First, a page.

The Audit Chamber took the Economic Development Ministry to task on Friday, saying its forecasts for the crisis-hit 2009 were too inaccurate.
The ministry's predictions for gross domestic product growth in 2009 were off by 14.6 percentage points from the actual figures, while the maximum acceptable deviation is only 0.5 percentage point, Valery Goreglyad, a deputy head of the budget watchdog, said during a meeting.
Initial predictions for 2009 saw GDP growing 6.7 percent. That forecast was repeatedly revised downward: first to a 2.2 percent fall, then to an 8.5 percent decline. The economy contracted 7.9 percent that year, according to the State Statistics Service, which reports to the Economic Development Ministry.
Other poor predictions Goreglyad pointed to included an inflation forecast that was 0.3 percentage point off target, while the acceptable deviation is 0, and an investment forecast that was 30.8 percentage points off, with an acceptable deviation of 1.5 percentage points.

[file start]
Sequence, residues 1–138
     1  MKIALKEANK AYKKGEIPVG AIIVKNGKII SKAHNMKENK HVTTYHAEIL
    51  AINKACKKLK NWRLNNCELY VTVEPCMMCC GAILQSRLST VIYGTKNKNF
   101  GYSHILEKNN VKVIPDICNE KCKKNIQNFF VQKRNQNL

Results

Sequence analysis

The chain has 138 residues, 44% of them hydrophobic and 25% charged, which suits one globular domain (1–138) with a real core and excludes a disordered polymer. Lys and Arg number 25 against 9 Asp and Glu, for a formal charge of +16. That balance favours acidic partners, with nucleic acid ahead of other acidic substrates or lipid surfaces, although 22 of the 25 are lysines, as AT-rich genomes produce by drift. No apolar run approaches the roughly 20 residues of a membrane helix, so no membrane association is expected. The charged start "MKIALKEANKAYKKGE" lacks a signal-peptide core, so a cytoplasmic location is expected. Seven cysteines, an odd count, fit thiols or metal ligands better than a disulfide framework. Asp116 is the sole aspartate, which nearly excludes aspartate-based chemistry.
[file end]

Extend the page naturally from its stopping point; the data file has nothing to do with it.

The ministry last week updated its forecasts for certain sectors of the economy. It forecast an 8.7 percent fall in agricultural output because of a drought that has severely curtailed grain harvest, down from an earlier forecast of 2.7 percent growth.
The ministry also increased its inflation forecast to between 7 percent and 7.5 percent, from an earlier range of 6 percent to 7 percent, because of fears that a grain shortage will lead to increased food prices.
GDP is expected to grow by 4 percent this year, unchanged from the previous forecast.